Ill answer that by loosely quoting my next post: it doesn't matter if they are EDL or BNP or just outraged citizens, it is about tribalism, fear and ignorance and it is not confined to the British right-wingers, I have witnessed first hand exactly the same response from Muslims in Herat, Tehran, Beirut and Fallujah. It is part of the human condition. As for the wonderful, magnanimous calls for calm from the families of victims, that too is not unique to Muslims but a completely natural shocked response to grief and loss. In exactly the same way that Drummer Rigsby's family and most other grieving families of terrorism are not asking for revenge on the perpetrators. In fact it is extremely rare for that to happen, wherever it happens. It is always those outraged but unrelated individuals that put up the battle cries.

In reply to an earlier post on 25 May 2013 09:05:55 BDT
MC Zaptone says:
Spin says: MC; Beheading a man in full view of the public "does not come into it"? And you guys are questioning me over the concept what is "right"? Jesus wept...No wonder you gain enemies instead of friends...
That is not in the slightest bit analogous to what I actually said and you know it. Furthermore, you have no idea which side of the fence I sit on this particular subject.
Spin has spun. Your Modus Operandi is noted and I will bear this in mind when addressing your posts in the future.

In reply to an earlier post on 25 May 2013 10:20:23 BDT
##### says:

In reply to an earlier post on 25 May 2013 10:23:28 BDT
[Deleted by the author on 25 May 2013 10:58:29 BDT]

In reply to an earlier post on 25 May 2013 10:25:04 BDT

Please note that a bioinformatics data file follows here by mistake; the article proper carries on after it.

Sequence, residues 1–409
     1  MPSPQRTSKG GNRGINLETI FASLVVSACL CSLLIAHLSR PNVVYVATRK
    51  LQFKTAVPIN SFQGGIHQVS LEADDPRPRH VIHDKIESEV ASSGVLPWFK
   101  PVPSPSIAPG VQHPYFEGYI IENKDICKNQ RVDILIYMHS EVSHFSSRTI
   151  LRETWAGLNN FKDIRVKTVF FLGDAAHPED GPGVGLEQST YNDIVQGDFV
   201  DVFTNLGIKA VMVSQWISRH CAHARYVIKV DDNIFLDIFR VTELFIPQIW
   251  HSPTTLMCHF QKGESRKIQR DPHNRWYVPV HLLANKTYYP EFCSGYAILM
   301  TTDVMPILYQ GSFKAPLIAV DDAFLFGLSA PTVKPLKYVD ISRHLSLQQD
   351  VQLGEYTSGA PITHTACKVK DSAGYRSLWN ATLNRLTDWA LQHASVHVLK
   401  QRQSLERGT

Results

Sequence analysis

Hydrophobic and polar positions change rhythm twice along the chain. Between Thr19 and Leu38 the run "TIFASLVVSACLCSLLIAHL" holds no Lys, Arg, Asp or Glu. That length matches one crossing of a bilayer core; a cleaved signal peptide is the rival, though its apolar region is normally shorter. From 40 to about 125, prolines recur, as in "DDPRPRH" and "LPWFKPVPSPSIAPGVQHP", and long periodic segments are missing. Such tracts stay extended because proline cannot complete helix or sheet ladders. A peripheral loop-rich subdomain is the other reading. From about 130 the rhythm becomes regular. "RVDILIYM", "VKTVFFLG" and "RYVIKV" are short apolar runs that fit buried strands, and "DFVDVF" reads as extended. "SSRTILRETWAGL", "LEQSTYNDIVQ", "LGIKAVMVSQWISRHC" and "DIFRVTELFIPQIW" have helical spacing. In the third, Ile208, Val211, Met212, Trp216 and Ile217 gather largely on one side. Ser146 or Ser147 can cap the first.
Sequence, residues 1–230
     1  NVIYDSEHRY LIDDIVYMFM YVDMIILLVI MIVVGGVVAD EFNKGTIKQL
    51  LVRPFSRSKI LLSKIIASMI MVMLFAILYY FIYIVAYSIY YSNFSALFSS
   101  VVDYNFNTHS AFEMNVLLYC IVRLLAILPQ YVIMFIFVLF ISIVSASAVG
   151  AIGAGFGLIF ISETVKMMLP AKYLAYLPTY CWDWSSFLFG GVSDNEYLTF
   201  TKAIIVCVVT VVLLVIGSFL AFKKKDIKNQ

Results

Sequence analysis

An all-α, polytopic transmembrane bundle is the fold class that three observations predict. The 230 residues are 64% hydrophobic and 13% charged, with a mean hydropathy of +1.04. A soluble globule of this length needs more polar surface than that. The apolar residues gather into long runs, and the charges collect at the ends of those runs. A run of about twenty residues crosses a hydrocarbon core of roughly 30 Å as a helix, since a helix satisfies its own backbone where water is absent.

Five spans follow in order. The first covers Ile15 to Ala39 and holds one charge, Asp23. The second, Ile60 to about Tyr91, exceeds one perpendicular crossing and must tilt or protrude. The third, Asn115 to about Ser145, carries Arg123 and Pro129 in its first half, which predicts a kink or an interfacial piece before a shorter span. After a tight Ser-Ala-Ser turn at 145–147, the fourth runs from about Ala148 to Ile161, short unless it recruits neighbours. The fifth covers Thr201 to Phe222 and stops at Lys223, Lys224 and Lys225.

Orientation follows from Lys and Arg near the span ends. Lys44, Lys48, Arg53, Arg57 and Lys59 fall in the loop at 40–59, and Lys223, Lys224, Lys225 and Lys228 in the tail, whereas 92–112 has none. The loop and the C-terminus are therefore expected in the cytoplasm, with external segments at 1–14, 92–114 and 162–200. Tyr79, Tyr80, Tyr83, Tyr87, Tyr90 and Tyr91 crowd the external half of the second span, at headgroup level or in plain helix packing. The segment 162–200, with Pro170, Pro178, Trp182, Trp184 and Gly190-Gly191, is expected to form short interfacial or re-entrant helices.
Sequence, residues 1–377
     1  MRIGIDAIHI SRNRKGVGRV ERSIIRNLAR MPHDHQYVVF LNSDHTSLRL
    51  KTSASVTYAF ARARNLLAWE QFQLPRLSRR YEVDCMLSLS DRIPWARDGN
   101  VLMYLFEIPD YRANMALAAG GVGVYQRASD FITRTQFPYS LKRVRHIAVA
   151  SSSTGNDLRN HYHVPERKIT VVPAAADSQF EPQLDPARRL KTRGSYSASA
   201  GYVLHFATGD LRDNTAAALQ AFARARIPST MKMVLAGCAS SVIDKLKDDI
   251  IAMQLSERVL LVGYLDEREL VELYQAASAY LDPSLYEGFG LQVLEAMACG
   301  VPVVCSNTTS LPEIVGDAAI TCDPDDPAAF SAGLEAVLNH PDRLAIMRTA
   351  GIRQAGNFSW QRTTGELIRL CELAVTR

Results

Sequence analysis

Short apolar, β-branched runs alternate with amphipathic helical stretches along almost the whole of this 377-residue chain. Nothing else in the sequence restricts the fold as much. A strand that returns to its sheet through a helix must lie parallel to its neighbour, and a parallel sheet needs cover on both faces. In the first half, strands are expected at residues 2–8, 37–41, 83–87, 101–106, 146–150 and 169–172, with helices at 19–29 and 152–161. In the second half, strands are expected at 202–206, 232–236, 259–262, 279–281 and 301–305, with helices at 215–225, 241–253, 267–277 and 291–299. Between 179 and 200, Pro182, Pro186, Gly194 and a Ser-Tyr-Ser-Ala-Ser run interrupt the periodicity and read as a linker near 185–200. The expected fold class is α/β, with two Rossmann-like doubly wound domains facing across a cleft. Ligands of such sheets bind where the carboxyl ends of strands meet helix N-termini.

##### says:
"evolution is being put to practical use in industry and widely used on a daily basis by researchers in medicine, biochemistry, molecular biology, and genetics to both formulate hypotheses about biological systems for the purposes of experimental design, as well as to rationalise observed data and prepare applications. In 2009, there were 235,740 scientific papers in PubMed that mentioned 'evolution'. Corporations such as pharmaceutical companies utilize biological evolution in their development of new products.

In reply to an earlier post on 25 May 2013 10:25:31 BDT
##### says:
"Because of the perceived value of evolution in applications, there have been some expressions of support for evolution on the part of corporations. In Kansas, there has been some widespread concern in the corporate and academic communities that a move to weaken the teaching of evolution in schools will hurt the state's ability to recruit the best talent, particularly in the biotech industry. Paul Hanle of the Biotechnology Institute warned that the US risks falling behind in the biotechnology race with other nations if it does not do a better job of teaching evolution. James McCarter of Divergence Incorporated states that the work of 2001 Nobel Prize winner Leland Hartwell which has substantial implications for combating cancer relied heavily on the use of evolutionary knowledge and predictions. McCarter points out that 47 of the last 50 Nobel Prizes in medicine or physiology also depended on the use of evolutionary theory. "

In reply to an earlier post on 25 May 2013 10:26:51 BDT
##### says:
"Repeatedly, creationists and intelligent design advocates have lost suits in US courts. Here is a list of important court cases in which creationists have lost: 1968 Epperson v. Arkansas, United States Supreme Court 1981 Segraves v. State of California, Supreme Court of California 1982 McLean v. Arkansas Board of Education, U.S. Federal Court 1987 Edwards v. Aguillard, United States Supreme Court 1990 Webster v. New Lenox School District, Seventh Circuit Court of Appeals 1994 Peloza v. Capistrano Unified School District, Ninth Circuit Court of Appeals 1997 Freiler v. Tangipahoa Parish Board of Education, United States District Court for the Eastern District of Louisiana 2000 Rodney LeVake v Independent School District 656, et al., District Court for the Third Judicial District of the State of Minnesota 2005 Kitzmiller v. Dover Area School District, US Federal Court 2006 Hurst v. Newman US District Court Eastern District of California.